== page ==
It’s old news, sort of, but Yahoo has acquired software start-up VerdiSoft and founder-entrepreneur Marco Boerries, the brains behind Sun Microsystems’ StarOffice. How old is the news? Yahoo completed the deal in February, but purposely kept it under wraps until today, when Boerries’ name surfaced in connection to a new Motorola alliance.
Founded in late 2001, VerdiSoft never shipped a product. But its vision caught the attention of Yahoo, and for good reason. VerdiSoft had developed server software that allows a person’s settings and preferences to follow them from office to cell phone, from device-to-device. As Yahoo begins to push its many services out to a myriad of devices, it will want users to have a seamless experience.
Yahoo spokeswoman Nicole Leverich gave us some real-world examples of how this would work:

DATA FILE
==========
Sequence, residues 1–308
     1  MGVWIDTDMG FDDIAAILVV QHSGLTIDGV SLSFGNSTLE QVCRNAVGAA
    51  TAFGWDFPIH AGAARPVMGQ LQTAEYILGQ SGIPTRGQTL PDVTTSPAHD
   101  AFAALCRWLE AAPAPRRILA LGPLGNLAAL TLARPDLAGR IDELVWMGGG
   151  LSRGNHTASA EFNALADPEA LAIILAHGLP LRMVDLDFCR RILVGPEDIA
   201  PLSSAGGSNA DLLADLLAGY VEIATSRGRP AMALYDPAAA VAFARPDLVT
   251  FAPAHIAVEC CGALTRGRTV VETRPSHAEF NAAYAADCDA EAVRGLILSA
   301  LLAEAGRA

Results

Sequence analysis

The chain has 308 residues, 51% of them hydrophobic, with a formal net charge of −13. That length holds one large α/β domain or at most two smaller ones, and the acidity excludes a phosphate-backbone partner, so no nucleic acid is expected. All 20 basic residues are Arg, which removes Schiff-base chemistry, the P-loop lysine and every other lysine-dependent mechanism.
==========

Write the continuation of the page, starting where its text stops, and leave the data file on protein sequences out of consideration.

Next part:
If you add a phone number into the phone book on your mobile phone, that number would automatically be added to your other address books. If you read an email message on the phone, it’s marked as read when you get back to your desk at the office.
“The idea here is to help us expand ourselves beyond the desktop in a way that is seamless to consumers,” Leverich said.
This is clearly a priority for Yahoo. Yahoo communications Vice President Brad Garlinghouse shared this vision with us several months ago. And the company now has a Connected Life business unit, of which Boerries is senior vice president (“Connected Life” was the phrase VerdiSoft applied to its products). That unit includes includes mobile, broadband and digital home, so Yahoo is obviously looking beyond just mobile phones.
Boerries himself is somewhat well-known in the valley as being the wunderkind who started his own word processing software company, Star Division, at the age of 16. He sold the company to Sun Microsystems for $73.5 million in 1999, and Sun still markets the software under the StarOffice name.
Boerries was an executive at Sun, but left in 2001 to start Verdisoft. Leverich said that Yahoo hired the entire 50-person VerdiSoft team, including 35 workers who are based in Germany.